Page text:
“What is courage?
As Ordinary discovered, courage is not the absence of fear; rather, it’s choosing to act in spite of the fear. You could say that without fear, you can’t have genuine courage.”
The Dream Giver by Bruce Wilkinson
I come from a running family. My father, uncle, brother, mother, sister and many cousins run – some are serious runners, tackling marathons and off-road trail runs, some dabble in short and medium distance running. For my family, running has always been the best way to a sense of achievement in fitness, a good sweat and an endorphin injection. Continue reading Lessons from Eddie the Eagle who never gave up
“The world isn’t just the way it is. It is how we understand it, no? And in understanding something, we bring something to it, no?
Doesn’t that make life a story?”
Life of Pi by Yann Martel
Last week I attended my first funeral.
At age 17, I went to a memorial service for my Latin teacher who had died of cancer at a relatively young age, but never had I been to a funeral. The funeral was for my father-in-law’s cousin – the last of his father’s generation though far younger than his own father. Kenneth Pridham died at age 93. He attended our wedding and I’d seen him fairly regularly at lunches with my in-laws. In my limited times with him I had begun to get to know a somewhat fragile, quietly-spoken, tall elderly man who enjoyed discussing history, politics and current events, who had a lively sense of humour and loved cheese, but didn’t eat much lunch. Continue reading The story of a life well lived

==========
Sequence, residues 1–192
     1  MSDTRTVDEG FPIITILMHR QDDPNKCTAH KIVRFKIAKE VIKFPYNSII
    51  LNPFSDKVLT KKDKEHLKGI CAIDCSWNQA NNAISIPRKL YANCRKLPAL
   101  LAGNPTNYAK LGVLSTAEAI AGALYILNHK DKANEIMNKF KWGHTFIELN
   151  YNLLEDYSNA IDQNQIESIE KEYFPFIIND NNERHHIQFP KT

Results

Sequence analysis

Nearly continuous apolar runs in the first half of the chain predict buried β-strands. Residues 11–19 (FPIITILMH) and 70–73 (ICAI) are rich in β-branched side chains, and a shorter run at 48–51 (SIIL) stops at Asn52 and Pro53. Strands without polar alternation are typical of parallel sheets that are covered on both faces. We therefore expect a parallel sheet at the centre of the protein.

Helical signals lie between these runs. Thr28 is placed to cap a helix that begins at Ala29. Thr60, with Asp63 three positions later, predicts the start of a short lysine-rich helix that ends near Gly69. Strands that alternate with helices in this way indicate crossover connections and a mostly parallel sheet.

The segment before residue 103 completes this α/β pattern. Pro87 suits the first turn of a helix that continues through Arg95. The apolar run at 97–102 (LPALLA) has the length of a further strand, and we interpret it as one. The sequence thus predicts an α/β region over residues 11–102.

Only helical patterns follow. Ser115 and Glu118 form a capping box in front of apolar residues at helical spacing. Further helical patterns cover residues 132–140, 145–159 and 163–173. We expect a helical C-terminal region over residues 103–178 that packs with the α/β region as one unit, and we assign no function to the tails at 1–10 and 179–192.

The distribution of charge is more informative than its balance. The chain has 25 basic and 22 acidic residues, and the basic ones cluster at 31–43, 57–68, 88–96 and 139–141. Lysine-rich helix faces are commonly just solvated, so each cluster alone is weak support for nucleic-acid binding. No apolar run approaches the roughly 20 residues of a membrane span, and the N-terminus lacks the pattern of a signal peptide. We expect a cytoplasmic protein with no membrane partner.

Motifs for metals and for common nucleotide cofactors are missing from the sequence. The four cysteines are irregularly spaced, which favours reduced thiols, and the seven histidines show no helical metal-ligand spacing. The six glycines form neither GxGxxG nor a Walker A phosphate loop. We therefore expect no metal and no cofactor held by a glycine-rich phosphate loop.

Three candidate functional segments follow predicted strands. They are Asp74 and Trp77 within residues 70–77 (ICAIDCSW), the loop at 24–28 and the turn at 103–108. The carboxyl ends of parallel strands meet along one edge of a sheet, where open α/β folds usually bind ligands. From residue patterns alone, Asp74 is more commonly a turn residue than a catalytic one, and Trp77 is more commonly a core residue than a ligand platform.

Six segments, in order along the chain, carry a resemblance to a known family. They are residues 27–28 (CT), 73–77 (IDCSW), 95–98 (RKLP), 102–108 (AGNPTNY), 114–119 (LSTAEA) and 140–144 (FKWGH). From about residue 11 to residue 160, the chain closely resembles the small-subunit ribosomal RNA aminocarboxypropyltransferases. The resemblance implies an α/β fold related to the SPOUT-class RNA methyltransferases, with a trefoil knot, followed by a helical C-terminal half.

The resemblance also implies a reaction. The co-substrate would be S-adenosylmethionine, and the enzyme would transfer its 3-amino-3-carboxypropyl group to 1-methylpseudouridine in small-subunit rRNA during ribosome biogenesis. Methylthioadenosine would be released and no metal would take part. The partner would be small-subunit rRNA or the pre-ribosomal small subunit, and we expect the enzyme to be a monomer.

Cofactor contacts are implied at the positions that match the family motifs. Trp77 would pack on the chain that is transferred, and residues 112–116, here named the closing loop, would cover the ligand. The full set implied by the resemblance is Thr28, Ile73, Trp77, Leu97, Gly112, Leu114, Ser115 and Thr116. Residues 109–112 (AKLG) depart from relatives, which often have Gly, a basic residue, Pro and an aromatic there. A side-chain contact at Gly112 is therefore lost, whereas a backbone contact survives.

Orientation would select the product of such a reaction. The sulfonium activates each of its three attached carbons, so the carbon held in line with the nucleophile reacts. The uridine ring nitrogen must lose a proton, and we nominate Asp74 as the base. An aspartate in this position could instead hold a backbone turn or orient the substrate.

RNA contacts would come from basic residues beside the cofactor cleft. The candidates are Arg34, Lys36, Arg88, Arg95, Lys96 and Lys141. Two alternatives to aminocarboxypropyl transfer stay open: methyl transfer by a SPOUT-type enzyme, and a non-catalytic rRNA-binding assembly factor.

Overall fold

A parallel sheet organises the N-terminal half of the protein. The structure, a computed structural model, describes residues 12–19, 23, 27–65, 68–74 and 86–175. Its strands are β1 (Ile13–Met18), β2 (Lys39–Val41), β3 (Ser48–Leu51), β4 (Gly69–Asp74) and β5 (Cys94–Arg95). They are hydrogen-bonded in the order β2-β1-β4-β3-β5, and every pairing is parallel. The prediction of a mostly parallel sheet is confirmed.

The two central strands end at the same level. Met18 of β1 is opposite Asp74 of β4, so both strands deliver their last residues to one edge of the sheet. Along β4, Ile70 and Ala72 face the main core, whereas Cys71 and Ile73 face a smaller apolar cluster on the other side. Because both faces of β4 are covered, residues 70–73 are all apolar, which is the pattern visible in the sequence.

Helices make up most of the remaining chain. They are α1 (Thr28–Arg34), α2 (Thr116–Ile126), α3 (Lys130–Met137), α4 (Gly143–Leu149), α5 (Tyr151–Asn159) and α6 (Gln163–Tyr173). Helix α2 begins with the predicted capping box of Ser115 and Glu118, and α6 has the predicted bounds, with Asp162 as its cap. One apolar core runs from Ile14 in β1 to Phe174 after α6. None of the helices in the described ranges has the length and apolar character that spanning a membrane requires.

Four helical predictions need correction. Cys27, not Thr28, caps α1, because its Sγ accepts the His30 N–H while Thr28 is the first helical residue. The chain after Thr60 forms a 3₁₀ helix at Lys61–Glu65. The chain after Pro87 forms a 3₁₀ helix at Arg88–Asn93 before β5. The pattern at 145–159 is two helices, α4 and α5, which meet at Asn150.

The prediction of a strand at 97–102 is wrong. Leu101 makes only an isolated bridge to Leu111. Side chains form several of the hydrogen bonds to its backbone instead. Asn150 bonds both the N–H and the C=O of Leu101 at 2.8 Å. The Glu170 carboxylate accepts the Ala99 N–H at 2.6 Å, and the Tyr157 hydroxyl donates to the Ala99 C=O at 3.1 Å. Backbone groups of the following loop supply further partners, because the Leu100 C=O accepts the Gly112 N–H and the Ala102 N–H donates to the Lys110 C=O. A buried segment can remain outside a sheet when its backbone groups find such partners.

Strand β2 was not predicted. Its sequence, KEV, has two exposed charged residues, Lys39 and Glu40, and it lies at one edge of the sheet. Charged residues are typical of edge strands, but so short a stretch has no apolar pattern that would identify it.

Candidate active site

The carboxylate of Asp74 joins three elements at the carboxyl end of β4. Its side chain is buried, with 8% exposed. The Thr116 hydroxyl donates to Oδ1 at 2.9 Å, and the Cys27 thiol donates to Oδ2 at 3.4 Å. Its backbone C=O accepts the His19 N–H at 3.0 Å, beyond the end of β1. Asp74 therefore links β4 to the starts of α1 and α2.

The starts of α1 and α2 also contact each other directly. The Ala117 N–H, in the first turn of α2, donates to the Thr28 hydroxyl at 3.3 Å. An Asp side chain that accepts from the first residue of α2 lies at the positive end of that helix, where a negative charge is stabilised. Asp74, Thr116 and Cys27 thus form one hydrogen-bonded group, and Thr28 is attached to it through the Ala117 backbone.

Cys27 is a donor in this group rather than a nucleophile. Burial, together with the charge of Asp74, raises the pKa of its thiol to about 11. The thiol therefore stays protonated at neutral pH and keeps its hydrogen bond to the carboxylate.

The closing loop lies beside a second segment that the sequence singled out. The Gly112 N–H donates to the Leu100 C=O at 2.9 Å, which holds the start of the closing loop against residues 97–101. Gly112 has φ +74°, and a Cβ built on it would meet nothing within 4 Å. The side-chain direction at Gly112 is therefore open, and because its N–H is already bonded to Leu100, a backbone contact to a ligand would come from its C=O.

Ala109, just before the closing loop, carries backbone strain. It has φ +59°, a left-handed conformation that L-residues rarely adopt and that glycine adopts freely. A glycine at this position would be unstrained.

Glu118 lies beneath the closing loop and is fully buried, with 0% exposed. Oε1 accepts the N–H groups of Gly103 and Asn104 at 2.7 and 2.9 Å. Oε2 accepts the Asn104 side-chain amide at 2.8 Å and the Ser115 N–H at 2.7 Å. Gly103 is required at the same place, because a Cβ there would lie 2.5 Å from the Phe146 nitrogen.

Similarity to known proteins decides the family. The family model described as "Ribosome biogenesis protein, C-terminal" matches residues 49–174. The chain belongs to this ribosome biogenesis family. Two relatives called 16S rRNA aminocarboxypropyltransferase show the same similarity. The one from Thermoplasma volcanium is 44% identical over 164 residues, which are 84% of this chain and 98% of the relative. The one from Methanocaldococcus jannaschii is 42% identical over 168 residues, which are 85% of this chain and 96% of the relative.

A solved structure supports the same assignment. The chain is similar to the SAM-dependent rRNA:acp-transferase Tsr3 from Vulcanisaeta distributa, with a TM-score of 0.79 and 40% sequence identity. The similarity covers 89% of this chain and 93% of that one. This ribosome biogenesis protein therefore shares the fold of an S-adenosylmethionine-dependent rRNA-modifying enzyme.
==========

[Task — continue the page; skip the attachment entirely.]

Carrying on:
“It was the best of times, it was the worst of times, it was the age of wisdom, it was the age of foolishness, it was the epoch of belief, it was the epoch of incredulity, it was the season of Light, it was the season of Darkness, it was the spring of hope, it was the winter of despair, we had everything before us, we had nothing before us, we were all going direct to Heaven, we were all going direct the other way – in short, the period was so far like the present period, that some of its noisiest authorities insisted on its being received, for good or for evil, in the superlative degree of comparison only.”
A Tale of Two Cities by Charles Dickens
I started writing this post on Monday. It began with:
“Devastated. Test taken. Test failed.”
I walked away from that draft to do something too unimportant to mention and when I came back to it this morning, I find myself removed from the lines I’d written. It’s a strange anachronism to be confronted with my very own ‘ghost of Christmas past’ – ‘Nyamazela yesterday’ was ready to give up, ‘Nyamazela today’ has picked herself up again. There is no rhyme or reason to this. Continue reading Life’s little contradictions